By making connections through the application of computational methods among disparate areas of biology, PLOS Computational Biology provides substantial new insight into living systems at all scales, from the nano to the macro, and across multiple disciplines, from molecular science, neuroscience and physiology to ecology and population biology.
PLOS Computational Biology is an official journal of the International Society for Computational Biology (ISCB).
PLOS Computational Biology features works of exceptional significance that further our understanding of living systems at all scales—from molecules and cells, to patient populations and ecosystems—through the application of computational methods. Readers include life and computational scientists, who can take the important findings presented here to the next level of discovery.
Research articles must be declared as belonging to a relevant section. More information about the sections can be found in the submission guidelines.
Research articles should model aspects of biological systems, demonstrate both methodological and scientific novelty, and provide profound new biological insights. Research articles with limited novelty may be more appropriate for PLOS ONE.
Generally, reliability and significance of biological discovery through computation should be validated and enriched by experimental studies. Inclusion of experimental validation is not required for publication, but should be referenced where possible. Inclusion of experimental validation of a modest biological discovery through computation does not render a manuscript suitable for PLOS Computational Biology.
Research articles specifically designated as Methods papers should describe outstanding methods of exceptional importance that have been shown, or have the promise to provide new biological insights. The method must already be widely adopted, or have the promise of wide adoption by a broad community of users. Enhancements to existing published methods will only be considered if those enhancements bring exceptional new capabilities.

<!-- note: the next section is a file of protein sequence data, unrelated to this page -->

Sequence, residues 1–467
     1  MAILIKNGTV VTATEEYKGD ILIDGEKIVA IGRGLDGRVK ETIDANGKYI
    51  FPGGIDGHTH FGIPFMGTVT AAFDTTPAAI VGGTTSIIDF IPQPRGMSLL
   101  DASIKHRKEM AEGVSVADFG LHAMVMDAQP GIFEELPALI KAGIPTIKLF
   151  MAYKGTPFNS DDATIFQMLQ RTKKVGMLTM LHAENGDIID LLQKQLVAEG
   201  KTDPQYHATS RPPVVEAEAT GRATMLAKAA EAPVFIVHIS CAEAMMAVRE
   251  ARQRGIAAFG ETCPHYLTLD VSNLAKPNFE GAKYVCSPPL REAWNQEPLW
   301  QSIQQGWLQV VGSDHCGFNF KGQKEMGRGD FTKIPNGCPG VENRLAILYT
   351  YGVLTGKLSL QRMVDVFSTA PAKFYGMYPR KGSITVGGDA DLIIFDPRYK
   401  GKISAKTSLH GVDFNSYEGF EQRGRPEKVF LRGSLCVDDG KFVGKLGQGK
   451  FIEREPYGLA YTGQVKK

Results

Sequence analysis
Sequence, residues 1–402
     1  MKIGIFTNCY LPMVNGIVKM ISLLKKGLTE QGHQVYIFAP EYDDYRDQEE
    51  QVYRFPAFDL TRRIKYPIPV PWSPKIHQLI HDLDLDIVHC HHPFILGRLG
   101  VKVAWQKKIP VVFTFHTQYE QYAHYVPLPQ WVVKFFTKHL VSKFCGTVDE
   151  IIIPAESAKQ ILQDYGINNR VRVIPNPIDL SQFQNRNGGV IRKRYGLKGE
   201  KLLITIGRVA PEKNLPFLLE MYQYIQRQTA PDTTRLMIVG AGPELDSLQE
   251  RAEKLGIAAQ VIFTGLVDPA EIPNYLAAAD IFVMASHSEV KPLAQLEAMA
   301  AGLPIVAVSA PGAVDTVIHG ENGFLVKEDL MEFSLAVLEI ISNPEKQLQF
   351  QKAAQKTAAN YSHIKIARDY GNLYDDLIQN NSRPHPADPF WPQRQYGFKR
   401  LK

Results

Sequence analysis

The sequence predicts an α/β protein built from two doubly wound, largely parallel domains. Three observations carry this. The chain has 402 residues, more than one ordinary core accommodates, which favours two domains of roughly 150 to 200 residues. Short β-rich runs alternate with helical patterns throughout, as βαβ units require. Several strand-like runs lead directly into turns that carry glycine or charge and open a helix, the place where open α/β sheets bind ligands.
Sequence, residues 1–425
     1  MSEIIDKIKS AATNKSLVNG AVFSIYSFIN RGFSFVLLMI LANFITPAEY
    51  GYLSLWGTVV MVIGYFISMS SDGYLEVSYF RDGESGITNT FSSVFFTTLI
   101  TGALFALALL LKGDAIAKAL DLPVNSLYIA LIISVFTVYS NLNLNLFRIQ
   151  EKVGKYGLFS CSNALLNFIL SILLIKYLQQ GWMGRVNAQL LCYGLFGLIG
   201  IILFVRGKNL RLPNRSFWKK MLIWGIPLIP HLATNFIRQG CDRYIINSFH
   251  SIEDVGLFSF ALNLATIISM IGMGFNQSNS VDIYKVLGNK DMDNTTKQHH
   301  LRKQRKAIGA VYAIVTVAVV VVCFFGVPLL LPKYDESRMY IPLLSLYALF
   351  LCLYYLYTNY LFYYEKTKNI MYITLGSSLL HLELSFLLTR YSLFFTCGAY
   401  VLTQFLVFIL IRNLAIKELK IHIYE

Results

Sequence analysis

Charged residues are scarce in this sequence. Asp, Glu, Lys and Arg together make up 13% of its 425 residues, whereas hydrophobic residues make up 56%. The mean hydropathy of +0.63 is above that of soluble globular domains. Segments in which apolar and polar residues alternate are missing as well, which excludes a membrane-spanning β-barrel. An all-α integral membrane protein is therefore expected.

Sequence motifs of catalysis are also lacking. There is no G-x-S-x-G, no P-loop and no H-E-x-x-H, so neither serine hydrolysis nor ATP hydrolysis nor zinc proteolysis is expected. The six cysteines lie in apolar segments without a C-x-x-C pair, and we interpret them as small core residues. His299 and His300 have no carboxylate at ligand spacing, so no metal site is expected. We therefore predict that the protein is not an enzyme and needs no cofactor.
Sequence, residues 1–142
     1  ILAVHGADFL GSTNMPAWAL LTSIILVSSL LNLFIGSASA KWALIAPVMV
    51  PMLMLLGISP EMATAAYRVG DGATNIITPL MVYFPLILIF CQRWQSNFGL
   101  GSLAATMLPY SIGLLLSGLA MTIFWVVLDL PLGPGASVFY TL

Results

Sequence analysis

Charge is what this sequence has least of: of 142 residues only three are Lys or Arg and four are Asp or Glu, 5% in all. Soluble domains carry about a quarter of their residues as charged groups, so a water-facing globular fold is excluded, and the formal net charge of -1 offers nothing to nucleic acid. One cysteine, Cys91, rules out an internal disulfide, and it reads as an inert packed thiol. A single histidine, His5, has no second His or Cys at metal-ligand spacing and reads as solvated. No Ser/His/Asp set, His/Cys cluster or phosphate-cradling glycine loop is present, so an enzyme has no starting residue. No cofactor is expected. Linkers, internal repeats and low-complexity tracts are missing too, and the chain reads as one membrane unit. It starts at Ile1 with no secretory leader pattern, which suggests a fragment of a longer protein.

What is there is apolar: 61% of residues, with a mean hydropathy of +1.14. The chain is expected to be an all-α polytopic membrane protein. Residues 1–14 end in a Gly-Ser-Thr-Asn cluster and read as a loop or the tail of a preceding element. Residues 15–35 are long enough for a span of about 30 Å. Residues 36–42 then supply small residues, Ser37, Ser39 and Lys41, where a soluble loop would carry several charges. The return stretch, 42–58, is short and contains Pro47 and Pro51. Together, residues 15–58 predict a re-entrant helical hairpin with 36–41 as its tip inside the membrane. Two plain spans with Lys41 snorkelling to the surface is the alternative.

For all submissions, authors must clearly provide detail, data, and software to ensure readers' ability to reproduce the models, methods, and results.
Methods articles and Software articles require presubmission inquiries. Presubmission inquiries for general research articles are encouraged, but not essential.
- Outstanding primary research articles on all aspects of computational biology applied to different and integrated biological scales, from molecules and cells to patient populations and ecosystems.
Invited and submitted reviews and perspectives on topics of broad interest to the readership.
Historical reviews and high-quality tutorials (including multimedia presentations) teaching important concepts in the field of computational biology.
Software articles describing outstanding open source software of exceptional importance that has been shown to provide new biological insights.
- Announcements of activities of the International Society for Computational Biology (ISCB) and other information of interest to scientists in this and related fields.
To be considered for publication in PLOS Computational Biology, any given manuscript must satisfy the following criteria:
High importance to researchers in the field